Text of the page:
How Autism Affects Cognition
Expressing emotions, talking to friends and family, and decision-making are all possible through cognitive skills. However, autism is a developmental disorder that interferes with the basic interactions in life. Socialization and all it entails is accomplished differently or not at all in those with autism. Continue reading to learn how autism affects cognition.
What is Autism?
Autism is a developmental disorder effecting social interaction, behavior, and communication. It is typically evident in early childhood. Symptoms of the disorder interfere with language. Those with autism struggle with conveying and understanding both emotions and gestures during social interaction. No two people present identically. While some are severely debilitated to the point they are non-verbal, others only have mild social deficits.
There are numerous types of autism spectrum disorder:
- Autistic Disorder—The most serious form with severe deficits in social development; portrays the “classic” characteristics of autism: avoidance of eye contact, repetitive behaviors, inability to communicate, and sensory sensitivities.
- Asperger’s syndrome—High functioning with normal intelligence and those with Asperger’s can navigate the world with minimal support
- Childhood Disintegrative Disorder—Children meet their milestones such as language, social function, and motor skills, but suddenly regress around age 3
- Pervasive Developmental Disorder Not Otherwise Specified—Has some of the criteria of autism
What is Cognition?
The term cognition refers to the processes of “thinking” or acquiring knowledge and understanding through the experience of the give senses. Cognitive skills are the skills necessary for the brain to acquire and utilize information. There are several cognitive skills: attention, memory, logic and reasoning, auditory and visual processing, and processing speed.
Research suggests autism impacts the thinking process in ways that do not pertain to social functioning.
How Autism Affects Cognition: Memory
Autism and memory have a complicated relationship. Those with autism have the potential for strong long-term memory. Studies reveal the average person recalls memories as early as ages 4 to 6 (Williams, et al., 2006). However, some on the spectrum remember before then. They also have a keen sense for detail by remembering colors, number sequences, and other minor details the neurotypical overlooks. This creates an almost photographic-like memory.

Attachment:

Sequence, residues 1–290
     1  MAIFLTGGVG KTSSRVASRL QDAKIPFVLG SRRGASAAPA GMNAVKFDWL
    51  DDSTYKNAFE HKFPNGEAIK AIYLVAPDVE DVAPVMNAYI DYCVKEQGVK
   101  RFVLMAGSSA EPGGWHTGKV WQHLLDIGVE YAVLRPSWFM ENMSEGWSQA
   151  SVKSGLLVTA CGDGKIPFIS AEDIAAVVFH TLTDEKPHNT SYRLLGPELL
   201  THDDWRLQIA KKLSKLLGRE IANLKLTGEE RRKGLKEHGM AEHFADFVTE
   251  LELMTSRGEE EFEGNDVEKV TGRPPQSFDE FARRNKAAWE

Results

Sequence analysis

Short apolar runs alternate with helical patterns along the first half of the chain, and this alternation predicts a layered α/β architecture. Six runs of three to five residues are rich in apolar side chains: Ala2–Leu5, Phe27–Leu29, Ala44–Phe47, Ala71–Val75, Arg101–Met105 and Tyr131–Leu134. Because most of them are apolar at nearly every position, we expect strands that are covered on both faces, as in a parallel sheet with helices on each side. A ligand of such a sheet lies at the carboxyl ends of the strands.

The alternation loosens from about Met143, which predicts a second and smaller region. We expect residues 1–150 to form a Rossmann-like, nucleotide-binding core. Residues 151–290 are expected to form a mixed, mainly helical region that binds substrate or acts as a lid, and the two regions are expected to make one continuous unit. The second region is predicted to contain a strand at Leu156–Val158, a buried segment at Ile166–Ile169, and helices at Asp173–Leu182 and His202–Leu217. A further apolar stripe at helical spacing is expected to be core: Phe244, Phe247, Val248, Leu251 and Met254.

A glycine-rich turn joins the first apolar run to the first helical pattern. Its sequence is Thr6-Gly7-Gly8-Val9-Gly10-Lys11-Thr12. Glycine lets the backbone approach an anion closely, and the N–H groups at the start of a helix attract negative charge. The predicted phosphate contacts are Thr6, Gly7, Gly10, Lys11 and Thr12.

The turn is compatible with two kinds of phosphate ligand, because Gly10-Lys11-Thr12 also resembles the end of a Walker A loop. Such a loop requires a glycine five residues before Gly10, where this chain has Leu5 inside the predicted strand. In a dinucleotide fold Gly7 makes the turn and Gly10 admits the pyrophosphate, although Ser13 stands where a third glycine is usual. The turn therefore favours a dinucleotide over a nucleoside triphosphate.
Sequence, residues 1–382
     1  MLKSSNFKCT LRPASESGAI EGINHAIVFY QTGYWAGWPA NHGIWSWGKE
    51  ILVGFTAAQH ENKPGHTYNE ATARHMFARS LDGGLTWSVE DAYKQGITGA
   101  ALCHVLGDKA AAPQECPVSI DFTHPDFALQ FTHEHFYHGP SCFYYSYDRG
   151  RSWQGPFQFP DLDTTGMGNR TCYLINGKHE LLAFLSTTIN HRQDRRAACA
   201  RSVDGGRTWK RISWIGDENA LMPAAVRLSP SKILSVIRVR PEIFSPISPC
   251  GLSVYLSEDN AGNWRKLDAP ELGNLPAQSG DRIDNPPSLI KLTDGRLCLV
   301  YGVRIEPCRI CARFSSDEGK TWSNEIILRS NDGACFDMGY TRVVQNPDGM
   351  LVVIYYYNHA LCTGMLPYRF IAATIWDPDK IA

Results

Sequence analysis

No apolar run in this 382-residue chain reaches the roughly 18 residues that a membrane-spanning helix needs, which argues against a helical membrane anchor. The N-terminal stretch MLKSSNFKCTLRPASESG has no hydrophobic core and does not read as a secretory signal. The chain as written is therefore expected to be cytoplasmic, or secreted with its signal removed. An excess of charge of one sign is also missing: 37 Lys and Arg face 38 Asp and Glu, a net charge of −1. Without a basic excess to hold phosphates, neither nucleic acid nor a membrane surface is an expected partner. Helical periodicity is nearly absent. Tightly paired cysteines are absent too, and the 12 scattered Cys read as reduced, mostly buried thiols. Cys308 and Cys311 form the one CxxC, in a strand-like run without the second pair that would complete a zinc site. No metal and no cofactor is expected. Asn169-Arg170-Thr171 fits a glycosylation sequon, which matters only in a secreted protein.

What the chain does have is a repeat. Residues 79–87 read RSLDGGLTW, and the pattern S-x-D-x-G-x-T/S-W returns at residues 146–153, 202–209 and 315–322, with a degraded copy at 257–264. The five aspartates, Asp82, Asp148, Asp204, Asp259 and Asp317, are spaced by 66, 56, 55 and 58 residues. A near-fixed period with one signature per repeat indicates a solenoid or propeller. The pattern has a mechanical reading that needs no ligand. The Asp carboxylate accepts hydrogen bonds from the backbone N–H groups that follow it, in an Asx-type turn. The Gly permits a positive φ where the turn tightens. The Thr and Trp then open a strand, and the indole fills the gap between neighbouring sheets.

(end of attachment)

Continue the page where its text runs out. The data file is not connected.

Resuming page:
Working memory, particularly spatial working memory, is not nearly as developed. While verbal working memory is fully in-tact, children with autism displayed poor spatial working memory when recalling information pertaining to location and direction. For example, remembering where an object is located after it has been moved. A portion of the brain known as the prefrontal cortex is responsible for spatial information, which is impaired in autism.
How Autism Affects Cognition: Attention
Attention is the ability to focus concentration on specific information. When paying attention, some stimuli are ignored (e.g. background noise) and others are directly concentrated on. Children with autism do not pay attention to things that do not interest them. They struggle to ignore the sensory stimuli around them such as noise from a television or conversions.
Social deficits contribute to inattention. Many with autism have poor “facial identity discrimination” because they make less eye contract during social interaction (New et al., 2010). They view human faces as they would an inanimate object. This is because tasks that involve shared attention are effected the most.
How Autism Affects Cognition: Organization
Organization a system for tracking information to enhance future learning. It includes arranging material items pertaining to academia, systemizing mental thoughts and emotions, or even planning time. Organizing is not easy for those on the spectrum. In learning environments, teachers often have to implement strict routines to ensure their autistic student completes assigned tasks on time and keeps a tidy enough work area to be successful. It is beneficial to practice organization as a cognitive skill to improve the proper setting of goals and prioritizing tasks to reach said goals.
Some key tips to assist with organization are:
- Use visuals—Visuals include calendars, lists, and time-tables featuring images
- Color-coding—Prioritize tasks by order of importance using various colors
- Lists—Write down itinerary, assignments, and other pertinent information
- Technology—Set alarms through cell phones, timers, clocks, or record information via dictaphones
How Autism Affects Cognition: Sensory Processing
Sensory processing is the act of taking in information from the environment via the five senses: sight, touch, taste, smell, and hearing. Sensory processing allows us to navigate our body in the environment. Autistic individuals have heightened reactions to sensory stimuli. Their heightened awareness is partially why they tend to memorize detail.